Introduction Cerebral palsy (CP) is a condition resulting from damage to the brain. This damage can occur either in-utero, during childbirth, or after birth in the first months of life. The causes of brain damage range from uterine infection, trauma during or after childbirth, to illness or infection as an infant. Current research estimates that 70% of CP cases originate in-utero, while 20% are due to trauma incurred during childbirth and 10% due to infection, illness or trauma after birth.
CP presents differently between patients depending on which areas of the brain have been damaged. One of the major deficiencies seen in children with CP is muscle weakness. "CP is characterized by insufficient force generation by affected muscle groups, which is consistent.with low levels of electromyographic (EMG) activity and decreased movement of force output. When an activity leads to an active contraction, this impairment may be expressed as a deficiency in power, or when considered over time, in work."
Muscle weakness can present in many forms including difficulty with ambulation, fine motor control of the arms and hands, and trouble swallowing and speaking. Another major characteristic of CP is tone abnormality. This can either present in hypertonicity (spasticity), or hypotonicity (flaccidity). Originally, the perspective on strengthening in the CP population was led by advocates of neurodevelopmental treatment (NDT). This school of thought believed that strengthening in this population and other upper motor neuron conditions was detrimental because it could increase the spasticity in the strengthened muscles. This concept is falling out of favor as new research is showing that children with CP can benefit from strengthening their weakened muscles. "As a consequence, there, are currently no accepted treatment techniques which have been documented to be effective for improving muscle strength in these children."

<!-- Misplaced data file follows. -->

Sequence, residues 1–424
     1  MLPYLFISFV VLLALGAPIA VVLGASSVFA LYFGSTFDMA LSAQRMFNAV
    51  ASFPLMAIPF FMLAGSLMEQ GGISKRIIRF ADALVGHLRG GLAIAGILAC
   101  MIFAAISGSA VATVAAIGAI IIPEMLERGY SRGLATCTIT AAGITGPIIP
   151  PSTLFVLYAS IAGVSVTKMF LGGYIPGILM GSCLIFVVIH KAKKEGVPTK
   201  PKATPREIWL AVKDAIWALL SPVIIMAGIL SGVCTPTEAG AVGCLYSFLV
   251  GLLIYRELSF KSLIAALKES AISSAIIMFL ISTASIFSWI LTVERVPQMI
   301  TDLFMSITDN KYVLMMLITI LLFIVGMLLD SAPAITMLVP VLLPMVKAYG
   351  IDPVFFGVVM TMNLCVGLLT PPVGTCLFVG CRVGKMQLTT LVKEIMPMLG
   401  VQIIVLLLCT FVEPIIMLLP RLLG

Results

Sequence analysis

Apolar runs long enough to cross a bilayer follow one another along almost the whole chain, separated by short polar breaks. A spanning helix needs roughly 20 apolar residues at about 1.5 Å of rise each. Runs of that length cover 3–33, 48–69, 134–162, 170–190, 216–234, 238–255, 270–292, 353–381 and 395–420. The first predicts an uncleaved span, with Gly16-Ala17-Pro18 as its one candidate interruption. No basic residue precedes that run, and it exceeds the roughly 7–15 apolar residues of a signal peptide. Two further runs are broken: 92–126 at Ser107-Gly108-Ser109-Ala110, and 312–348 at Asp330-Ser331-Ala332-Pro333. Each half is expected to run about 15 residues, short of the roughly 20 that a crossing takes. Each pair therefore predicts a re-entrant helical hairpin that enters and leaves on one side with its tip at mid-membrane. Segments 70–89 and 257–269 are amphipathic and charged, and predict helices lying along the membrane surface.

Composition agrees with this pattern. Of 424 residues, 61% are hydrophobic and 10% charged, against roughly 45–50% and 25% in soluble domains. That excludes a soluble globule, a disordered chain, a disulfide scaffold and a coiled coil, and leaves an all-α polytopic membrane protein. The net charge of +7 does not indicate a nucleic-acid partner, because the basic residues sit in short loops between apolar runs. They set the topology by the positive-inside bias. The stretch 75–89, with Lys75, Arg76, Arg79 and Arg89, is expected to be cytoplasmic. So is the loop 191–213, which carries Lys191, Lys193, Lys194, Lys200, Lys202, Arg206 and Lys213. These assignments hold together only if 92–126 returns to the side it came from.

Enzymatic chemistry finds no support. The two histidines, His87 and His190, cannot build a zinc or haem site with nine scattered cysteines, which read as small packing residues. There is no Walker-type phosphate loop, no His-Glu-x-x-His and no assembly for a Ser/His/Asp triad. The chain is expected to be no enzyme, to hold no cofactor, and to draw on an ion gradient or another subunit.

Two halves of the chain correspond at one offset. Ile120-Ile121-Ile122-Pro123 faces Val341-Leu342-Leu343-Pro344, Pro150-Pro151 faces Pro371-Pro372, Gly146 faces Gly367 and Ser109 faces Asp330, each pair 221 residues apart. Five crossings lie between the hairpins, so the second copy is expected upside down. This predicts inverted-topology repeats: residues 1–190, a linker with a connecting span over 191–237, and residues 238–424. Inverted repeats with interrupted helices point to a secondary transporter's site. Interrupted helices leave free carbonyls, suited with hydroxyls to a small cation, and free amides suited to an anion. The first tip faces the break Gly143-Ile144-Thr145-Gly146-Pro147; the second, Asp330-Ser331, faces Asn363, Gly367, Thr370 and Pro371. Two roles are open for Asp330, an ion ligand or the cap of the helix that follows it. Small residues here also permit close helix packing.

The goal of this evidence-based capstone project is to look at the current literature and best determine whether strengthening of the lower extremities will improve muscle strength and quality of ambulation, without increasing the spasticity in children with cerebral palsy.
Clinical Scenario: A mother comes to physical therapy with her 8 year old who has spastic diplegic cerebral palsy. She is wondering if strength training would be a good treatment tool to use to improve his gait without increasing spasticity in his lower extremities.
Our Clinically Answerable Question Population: Children with cerebral palsy Intervention: Strengthening of the lower extremities Comparison: Pretest measures (subjects used as own control) Outcome: Increased strength in LEs, improved gait quality
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